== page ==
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    A lot of us have done it. We read and worked through 'learn java in 24 hours' or went through a codecadamy course.
    How did you get better at programming after that phase? Did you dive headfirst into a project?

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    You only learn by doing. But similarly, there are a lot of blogs / books etc that focus more on real-world development. In C++ land, Scott Meyer's Effective C++ is an absolute must-read. Understanding how compilers work and how memory is used within a program enable you to write software with performance. Sadly (or not) languages like Java and C# abstract this away from the developer. Not a bad thing perhaps, but certainly allows developers to become complacent.
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    When I was first learning I tried codecadamy and I didn't learn a single thing.

    Instead, I spent £12 on a kindle book on c++ and I haven't looked back.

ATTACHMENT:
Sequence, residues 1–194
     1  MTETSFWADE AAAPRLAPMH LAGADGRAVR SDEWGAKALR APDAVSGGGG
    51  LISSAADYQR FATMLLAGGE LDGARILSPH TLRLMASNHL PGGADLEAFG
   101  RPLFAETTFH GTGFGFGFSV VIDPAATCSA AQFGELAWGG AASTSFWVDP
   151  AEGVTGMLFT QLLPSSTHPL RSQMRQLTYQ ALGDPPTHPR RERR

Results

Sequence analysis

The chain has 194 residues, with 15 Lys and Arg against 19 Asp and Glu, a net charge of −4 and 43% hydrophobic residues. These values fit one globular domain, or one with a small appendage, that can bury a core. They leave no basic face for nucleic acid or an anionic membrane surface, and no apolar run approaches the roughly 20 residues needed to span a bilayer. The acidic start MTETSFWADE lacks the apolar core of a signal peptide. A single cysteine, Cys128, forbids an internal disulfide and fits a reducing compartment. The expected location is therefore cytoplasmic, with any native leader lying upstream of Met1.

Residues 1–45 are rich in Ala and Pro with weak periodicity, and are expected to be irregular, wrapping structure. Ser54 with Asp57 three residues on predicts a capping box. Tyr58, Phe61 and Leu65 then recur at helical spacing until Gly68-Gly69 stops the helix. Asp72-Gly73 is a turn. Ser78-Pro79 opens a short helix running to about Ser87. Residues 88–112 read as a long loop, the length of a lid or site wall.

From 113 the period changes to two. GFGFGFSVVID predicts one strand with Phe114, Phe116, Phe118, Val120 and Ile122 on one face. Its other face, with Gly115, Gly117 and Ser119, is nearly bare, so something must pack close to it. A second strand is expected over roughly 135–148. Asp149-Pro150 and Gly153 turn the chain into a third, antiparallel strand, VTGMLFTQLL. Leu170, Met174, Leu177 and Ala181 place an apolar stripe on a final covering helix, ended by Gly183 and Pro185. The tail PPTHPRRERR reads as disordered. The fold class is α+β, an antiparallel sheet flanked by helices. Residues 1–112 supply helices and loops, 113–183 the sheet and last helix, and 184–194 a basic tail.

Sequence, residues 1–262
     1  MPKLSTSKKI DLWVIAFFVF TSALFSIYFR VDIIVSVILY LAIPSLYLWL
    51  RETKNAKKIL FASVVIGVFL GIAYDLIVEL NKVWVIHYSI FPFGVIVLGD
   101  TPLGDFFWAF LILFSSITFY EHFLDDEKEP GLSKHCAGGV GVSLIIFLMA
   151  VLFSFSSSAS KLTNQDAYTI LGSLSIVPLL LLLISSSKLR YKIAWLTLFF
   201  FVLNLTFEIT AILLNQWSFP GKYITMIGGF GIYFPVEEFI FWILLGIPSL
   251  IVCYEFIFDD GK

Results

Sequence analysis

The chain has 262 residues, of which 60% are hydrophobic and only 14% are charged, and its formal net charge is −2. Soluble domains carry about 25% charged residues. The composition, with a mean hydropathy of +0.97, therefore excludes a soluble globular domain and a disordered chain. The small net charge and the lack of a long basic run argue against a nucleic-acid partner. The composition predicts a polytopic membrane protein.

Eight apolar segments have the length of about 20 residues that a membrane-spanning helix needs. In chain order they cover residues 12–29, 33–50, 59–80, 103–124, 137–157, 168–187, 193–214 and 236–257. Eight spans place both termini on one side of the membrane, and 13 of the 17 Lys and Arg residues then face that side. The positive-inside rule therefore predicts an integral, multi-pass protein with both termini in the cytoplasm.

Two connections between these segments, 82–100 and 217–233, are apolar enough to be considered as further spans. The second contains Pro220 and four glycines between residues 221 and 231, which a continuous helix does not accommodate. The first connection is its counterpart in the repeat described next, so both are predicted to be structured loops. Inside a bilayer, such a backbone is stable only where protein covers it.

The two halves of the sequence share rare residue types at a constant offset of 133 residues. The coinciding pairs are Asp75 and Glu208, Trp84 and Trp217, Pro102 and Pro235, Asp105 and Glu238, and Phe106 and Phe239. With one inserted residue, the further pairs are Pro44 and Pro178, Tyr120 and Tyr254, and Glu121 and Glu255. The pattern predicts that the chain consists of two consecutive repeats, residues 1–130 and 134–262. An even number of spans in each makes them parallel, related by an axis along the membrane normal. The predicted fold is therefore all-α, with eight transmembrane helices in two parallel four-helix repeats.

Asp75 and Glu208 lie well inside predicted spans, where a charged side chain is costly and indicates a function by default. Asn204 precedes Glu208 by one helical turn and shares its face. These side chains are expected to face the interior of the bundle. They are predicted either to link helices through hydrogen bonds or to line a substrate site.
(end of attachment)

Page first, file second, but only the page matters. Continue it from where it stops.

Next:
If people are skilled enough to be bothered to write a book and publish it, they know what they are talking about the author of the book I bought used to be a professor at Havard, which is coolio


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    You need to be curiouse: how do I save to a database? How do I write to a text file? How'd I display and move an image with the keyboard ? How'd I make two apps talk to each other ? How'd i make a website with a login and user profile pages ?

    Answers to the above questions could be the basis for many fun varied projects and asking those questions is how I learnt programming.

    You don't need to learn c++ in 24 hours. Reading the chapter on "polymorphism" at hour 23 won't mean you've learnt it, it takes experience to know how to apply it so don't rush through a book or course. Focus on creating things not learning the language.
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    Yeah, I didn't rush through the book, I took it slowly and made small projects after each new thing learnt. Several months later I nudes tans OOP very well


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    Did a couple of codecademy courses in HTML/CSS and PHP, should be good enough to produce a website?

    Nah, I just forgot it all. :facepalm2:
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    Exactly, codecadamy is not a good way to learn.

    Unless, maybe try applying what you learn from it to your own personal small projects as you go alomg


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    I went and produced an app, made like £1k from it...


    Posted from TSR Mobile excuse my typos
 
 
 
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